We have recently covered linear programming and I am comfortable with the weak and strong duality theorems. However, I don't understand what the applications of duality are that are specific to TCS. Mike Spivey's blog post gives some interesting examples of some nice properties of duality but I was wondering if there are algorithmic advances, for example, that come from understanding duality or anything more CS related.
Yup. Everything follows from duality. (I am only half joking). A partial list:
The Hard-Core Lemma
The ability to actually solve LPs efficiently
A large fraction of approximation algorithms results.
To develop algorithms, you often need a constructive or algorithmic version of the duality theorem (which is essentially equivalent to Von-Neumman's min-max theorem in game theory -- the applications in game theory are also huge). This is essentially what the multiplicative weights algorithm is. See Arora/Hazan/Kale for the best survey on this topic: http://www.satyenkale.com/papers/mw-survey.pdf
Perhaps the most famous application of duality has been the max-flow min-cut theorem (introduced in Ford & Fulkerson's landmark paper "Maximal Flow Through a Network"). The theorem states, formally, that the optimal solution for the (primal) integer linear program for finding the maximum flow is equal to the same optimal solution for the dual program to find a minimum cut.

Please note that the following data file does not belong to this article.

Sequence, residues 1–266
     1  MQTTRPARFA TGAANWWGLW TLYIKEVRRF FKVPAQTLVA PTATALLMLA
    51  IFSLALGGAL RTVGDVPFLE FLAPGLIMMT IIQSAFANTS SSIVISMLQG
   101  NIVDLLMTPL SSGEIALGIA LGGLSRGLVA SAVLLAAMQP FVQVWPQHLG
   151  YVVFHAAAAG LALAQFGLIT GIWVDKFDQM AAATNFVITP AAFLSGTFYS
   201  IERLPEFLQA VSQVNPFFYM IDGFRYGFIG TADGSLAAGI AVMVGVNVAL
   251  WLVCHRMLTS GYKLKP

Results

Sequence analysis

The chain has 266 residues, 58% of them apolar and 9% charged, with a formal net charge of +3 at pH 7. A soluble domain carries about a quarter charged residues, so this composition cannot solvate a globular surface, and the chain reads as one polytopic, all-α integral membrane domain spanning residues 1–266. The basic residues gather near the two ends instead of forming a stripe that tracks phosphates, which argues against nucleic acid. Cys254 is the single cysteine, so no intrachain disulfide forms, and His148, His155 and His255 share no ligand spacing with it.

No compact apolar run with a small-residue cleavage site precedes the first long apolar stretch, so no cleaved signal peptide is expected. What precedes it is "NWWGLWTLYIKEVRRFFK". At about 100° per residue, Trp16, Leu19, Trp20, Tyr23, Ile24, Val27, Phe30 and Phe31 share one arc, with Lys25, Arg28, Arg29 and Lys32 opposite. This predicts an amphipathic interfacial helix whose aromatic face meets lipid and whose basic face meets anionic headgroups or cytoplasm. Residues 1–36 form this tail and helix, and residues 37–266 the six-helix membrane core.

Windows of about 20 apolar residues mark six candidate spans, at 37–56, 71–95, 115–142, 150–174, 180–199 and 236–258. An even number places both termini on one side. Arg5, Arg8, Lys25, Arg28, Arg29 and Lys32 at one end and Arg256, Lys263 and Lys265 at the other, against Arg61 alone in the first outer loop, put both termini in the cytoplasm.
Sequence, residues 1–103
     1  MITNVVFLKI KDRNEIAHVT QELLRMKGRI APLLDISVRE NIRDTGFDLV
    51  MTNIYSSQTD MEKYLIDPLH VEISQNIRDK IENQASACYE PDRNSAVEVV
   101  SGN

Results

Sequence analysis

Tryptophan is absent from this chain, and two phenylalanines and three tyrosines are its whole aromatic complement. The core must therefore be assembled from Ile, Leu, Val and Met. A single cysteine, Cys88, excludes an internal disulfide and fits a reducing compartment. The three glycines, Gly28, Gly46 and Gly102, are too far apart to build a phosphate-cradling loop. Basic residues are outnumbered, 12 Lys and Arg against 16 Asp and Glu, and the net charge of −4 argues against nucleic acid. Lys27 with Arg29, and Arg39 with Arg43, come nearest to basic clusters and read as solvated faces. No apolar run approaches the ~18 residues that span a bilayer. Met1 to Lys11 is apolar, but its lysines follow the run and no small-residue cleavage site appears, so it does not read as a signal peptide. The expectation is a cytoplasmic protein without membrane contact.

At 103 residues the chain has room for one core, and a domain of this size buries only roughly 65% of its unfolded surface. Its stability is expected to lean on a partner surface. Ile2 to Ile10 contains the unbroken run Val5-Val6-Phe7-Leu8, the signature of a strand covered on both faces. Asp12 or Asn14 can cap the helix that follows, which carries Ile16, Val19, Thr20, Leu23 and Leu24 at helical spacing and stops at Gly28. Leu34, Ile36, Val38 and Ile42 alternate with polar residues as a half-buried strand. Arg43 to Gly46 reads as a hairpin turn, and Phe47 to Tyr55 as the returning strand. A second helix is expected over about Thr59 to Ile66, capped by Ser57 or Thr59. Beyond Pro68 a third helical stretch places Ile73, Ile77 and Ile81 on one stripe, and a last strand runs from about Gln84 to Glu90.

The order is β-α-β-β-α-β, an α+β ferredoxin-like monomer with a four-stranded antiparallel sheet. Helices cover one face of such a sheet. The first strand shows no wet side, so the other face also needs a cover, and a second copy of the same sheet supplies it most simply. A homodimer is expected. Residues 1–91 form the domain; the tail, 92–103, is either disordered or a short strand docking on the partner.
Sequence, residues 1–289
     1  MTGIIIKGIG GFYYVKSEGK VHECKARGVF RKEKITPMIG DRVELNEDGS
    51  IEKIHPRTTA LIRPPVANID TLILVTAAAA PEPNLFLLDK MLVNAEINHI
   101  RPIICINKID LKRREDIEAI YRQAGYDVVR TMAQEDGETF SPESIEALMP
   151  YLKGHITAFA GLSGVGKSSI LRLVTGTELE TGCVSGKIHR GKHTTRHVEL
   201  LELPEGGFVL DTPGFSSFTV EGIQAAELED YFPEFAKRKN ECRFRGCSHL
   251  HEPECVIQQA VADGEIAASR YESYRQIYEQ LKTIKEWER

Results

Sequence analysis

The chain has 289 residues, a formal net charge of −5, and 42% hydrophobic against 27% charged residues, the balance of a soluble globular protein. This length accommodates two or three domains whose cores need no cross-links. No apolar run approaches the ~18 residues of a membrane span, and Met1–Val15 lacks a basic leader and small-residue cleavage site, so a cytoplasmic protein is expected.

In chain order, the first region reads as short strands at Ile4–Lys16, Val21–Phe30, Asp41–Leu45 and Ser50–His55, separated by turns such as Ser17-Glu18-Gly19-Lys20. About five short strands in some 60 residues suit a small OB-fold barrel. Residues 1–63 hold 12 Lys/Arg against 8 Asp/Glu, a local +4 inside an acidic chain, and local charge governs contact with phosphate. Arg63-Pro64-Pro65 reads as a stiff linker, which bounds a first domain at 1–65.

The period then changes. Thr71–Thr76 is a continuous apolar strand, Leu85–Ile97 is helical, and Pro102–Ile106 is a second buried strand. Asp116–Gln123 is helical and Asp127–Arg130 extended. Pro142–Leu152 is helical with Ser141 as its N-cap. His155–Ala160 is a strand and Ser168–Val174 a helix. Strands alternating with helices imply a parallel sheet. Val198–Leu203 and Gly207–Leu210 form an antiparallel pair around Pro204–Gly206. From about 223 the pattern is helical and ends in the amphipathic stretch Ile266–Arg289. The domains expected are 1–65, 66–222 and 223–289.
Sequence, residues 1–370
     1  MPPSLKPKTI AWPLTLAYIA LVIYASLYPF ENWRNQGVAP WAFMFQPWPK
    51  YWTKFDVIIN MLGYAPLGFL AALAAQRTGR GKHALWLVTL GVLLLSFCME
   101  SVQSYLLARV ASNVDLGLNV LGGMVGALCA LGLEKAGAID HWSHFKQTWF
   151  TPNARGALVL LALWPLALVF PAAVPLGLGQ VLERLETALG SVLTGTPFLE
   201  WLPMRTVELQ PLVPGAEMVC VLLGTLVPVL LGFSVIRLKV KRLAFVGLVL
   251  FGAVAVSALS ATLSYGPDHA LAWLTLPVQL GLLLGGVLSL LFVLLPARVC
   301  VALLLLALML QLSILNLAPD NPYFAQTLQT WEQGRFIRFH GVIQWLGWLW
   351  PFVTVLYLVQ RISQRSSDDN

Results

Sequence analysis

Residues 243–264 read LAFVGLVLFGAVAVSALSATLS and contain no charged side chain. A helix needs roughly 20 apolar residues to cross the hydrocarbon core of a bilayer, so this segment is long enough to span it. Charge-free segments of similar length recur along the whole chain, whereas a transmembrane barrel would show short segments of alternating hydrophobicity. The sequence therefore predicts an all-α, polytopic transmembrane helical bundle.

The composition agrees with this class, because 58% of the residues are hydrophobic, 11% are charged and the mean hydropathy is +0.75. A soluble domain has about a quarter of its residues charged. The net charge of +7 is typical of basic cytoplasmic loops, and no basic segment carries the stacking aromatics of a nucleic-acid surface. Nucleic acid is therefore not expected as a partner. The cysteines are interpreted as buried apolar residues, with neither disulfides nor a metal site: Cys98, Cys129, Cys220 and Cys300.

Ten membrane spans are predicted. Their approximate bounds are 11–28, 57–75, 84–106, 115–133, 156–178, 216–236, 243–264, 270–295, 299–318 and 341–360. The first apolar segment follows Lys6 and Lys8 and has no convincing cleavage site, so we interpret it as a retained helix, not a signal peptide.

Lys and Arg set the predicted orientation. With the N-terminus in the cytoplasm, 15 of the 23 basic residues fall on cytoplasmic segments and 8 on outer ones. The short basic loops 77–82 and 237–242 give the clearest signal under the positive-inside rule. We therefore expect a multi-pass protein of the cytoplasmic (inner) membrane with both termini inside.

The wikipedia page provides a good summary of this concept; http://en.wikipedia.org/wiki/Max-flow_min-cut_theorem
Moreover, this special case of LP duality has been previously studied in a graph-theoretic context, in the form of Menger's Theorem and Konig's Theorem. Menger's Theorem characterizes the number of edge-disjoint paths between vertices $x,y \in V$, and Konig's Theorem states the equivalence between optimal solutions for maximum matching and minimum vertex cover on bipartite graphs (one can find a nice reduction to flows).